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Goddard Events & Programs

A young girl with a long blond ponytail and black T-shirt faces away from the camera, watching a small model rocket lift off from its launch pad. The rocket is behind yellow caution tape, and a thin stream of white smoke billows out from its end into a small white cloud underneath as it shoots diagonally up toward the upper right corner of the image. The grass between the child and the rocket is green, and the background is dense, dark green trees.

Recurring Events:

Grow With Goddard

Third Thursday of the Month, 9 – 10 a.m.

Grow with Goddard! Join us for activities and demonstrations for ages 3-5 here at our visitor center during a special morning hour before we open to the public. Please see the list of dates and topics below. Registration is required for each child participant. Parents and guardians do not need to register, but at least one parent or guardian must be on-site for the program.

Registration is required for this event: NASA Goddard Visitor Center | Eventbrite

  • July 18- Water, Water Everywhere!
  • August 15- Shapes in Space
A small boy wearing an astronaut costume stands and looks up at a model of the James Webb Space Telescope. Colorful images of stars and nebulas line the walls behind him.
A young guest explores the exhibits at the Goddard Visitor Center.
NASA Goddard Space Flight Center/Dhyan Emmanuel

Summer Science Series

Saturday June 29, July 13 and 27, and August 10, 1 – 3 p.m.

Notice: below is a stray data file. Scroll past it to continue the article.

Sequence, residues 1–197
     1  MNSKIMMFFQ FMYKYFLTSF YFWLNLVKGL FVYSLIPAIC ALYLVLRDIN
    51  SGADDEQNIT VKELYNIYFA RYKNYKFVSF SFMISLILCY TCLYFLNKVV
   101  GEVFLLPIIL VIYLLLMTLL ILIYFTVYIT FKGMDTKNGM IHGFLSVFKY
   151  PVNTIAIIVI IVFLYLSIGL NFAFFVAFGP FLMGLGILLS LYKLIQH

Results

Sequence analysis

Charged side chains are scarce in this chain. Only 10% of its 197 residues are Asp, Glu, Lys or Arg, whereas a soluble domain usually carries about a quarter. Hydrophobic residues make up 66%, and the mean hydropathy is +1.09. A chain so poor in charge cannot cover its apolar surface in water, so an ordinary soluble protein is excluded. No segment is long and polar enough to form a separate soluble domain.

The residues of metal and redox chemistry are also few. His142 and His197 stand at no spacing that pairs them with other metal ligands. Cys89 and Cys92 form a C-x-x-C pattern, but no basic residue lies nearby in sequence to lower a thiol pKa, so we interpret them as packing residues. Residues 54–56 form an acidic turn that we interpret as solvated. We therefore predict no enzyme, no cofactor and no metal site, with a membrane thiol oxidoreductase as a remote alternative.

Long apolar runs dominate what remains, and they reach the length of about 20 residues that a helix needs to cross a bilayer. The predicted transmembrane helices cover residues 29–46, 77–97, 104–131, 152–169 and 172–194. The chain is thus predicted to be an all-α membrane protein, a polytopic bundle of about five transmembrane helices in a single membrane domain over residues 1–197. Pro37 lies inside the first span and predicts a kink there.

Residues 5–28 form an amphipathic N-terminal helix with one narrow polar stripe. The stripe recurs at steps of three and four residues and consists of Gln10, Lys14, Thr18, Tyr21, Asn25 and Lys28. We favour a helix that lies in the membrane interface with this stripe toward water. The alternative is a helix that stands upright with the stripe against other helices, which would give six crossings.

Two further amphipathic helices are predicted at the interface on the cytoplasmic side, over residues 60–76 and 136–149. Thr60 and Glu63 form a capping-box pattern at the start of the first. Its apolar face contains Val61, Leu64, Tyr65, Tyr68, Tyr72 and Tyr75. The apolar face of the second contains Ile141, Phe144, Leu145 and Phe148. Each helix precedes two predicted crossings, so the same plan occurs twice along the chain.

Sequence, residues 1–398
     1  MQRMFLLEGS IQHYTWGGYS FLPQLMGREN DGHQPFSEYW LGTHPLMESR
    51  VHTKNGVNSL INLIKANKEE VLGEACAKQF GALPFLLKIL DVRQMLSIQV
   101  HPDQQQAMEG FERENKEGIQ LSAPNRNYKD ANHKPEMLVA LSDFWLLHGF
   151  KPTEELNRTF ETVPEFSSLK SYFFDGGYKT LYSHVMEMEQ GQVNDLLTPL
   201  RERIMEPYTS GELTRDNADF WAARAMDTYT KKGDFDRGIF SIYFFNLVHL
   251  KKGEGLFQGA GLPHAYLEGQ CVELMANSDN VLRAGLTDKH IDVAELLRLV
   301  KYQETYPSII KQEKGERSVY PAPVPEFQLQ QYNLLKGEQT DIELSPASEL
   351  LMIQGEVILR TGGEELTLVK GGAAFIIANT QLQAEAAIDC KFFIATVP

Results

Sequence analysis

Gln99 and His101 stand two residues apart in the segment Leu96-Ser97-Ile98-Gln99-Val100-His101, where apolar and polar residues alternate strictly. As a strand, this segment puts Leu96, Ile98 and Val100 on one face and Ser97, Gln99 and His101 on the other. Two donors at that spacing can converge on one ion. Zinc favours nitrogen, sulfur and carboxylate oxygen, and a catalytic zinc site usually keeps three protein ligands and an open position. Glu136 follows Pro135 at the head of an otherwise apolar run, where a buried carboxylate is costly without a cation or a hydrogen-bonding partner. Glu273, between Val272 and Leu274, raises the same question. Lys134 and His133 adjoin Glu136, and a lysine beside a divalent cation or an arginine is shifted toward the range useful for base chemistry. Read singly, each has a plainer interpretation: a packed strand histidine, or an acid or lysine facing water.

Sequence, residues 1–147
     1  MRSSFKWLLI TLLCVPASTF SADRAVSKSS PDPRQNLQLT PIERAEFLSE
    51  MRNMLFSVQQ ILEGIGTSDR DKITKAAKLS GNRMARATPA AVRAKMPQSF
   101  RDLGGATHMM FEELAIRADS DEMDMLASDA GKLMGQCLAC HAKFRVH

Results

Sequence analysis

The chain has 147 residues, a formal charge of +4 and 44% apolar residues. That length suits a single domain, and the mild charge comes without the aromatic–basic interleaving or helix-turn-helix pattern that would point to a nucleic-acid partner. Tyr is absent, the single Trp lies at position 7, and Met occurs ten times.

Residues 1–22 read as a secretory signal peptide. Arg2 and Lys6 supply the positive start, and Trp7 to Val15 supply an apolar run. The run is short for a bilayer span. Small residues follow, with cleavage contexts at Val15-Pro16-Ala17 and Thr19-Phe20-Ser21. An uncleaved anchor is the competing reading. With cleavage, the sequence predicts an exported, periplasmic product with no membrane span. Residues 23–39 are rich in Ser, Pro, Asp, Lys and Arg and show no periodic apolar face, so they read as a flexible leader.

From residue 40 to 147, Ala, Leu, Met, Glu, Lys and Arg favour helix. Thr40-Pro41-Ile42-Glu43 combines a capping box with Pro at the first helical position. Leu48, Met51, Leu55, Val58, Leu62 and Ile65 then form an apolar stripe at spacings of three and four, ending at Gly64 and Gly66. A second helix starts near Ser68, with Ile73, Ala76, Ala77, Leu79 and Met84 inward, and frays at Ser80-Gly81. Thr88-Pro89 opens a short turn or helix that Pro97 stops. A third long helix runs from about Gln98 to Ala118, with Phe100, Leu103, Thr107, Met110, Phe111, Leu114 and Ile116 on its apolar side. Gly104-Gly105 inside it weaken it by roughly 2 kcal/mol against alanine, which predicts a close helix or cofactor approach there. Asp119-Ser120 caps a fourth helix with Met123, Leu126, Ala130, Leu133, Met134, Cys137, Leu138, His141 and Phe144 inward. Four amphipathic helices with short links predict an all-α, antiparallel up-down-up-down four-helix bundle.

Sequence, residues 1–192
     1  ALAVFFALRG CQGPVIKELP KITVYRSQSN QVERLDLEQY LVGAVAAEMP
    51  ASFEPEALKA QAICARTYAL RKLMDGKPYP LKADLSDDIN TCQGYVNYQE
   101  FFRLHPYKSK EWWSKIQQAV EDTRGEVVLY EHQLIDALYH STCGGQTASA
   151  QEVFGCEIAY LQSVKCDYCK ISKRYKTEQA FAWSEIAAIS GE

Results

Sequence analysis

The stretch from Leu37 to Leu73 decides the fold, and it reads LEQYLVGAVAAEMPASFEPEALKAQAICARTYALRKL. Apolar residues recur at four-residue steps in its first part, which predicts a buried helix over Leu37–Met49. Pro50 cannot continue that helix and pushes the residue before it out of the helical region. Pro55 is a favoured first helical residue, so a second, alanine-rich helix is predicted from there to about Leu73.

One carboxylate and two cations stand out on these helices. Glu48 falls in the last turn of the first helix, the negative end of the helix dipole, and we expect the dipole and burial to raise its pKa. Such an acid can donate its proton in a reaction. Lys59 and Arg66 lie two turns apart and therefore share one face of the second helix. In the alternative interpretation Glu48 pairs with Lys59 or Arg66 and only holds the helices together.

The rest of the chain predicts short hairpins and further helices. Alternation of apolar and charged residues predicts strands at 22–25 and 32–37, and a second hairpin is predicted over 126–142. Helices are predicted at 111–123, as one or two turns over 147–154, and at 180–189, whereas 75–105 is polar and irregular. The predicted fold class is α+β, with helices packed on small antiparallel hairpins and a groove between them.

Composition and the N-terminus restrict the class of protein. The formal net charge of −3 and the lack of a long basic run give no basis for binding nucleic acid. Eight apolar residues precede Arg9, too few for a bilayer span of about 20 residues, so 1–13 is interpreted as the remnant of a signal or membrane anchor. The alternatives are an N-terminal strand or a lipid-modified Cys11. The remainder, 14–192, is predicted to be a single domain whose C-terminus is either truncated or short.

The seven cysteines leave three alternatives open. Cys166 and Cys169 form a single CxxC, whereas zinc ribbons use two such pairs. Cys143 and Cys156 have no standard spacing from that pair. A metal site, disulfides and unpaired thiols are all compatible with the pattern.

Join us for family-friendly, hands-on activities every other Saturday from June 29 to Aug. 10 from 1 to 3 p.m. at the Goddard Visitor Center! Each program will have activities based on different science themes. Registration is not required for these free programs.

  • June 29- Asteroids!
  • July 13-Seeing the Universe
  • July 27-Exploring the Earth
  • Aug 10-The Sun: Our Favorite Star
A young child interacts with a sunspot exhibit.
A young guest interacts with the Visitor Center’s Heliophysics exhibit.

Space for Me

Saturday July 27, 10:30 – 11:30 a.m.

Explore the Goddard Visitor Center during a sensory-friendly hour before we open for the day. Sounds and lighting in our exhibit spaces will be limited during this time. We will also have touch items for visitors to experience. Registration is required for this free program and information can be found on our Eventbrite site here.

A young girl with a long blond ponytail and black T-shirt faces away from the camera, watching a small model rocket lift off from its launch pad. The rocket is behind yellow caution tape, and a thin stream of white smoke billows out from its end into a small white cloud underneath as it shoots diagonally up toward the upper right corner of the image. The grass between the child and the rocket is green, and the background is dense, dark green trees.
A girl watches a model rocket take off from the Goddard Visitor Center on July 14, 2013.
NASA’s Goddard Space Flight Center/Talya Lerner

Model Rocket Launches

First Sunday of each month at 1 p.m.

(some holidays excluded; weather, security conditions permitting; call ahead to confirm: 301-286-8981)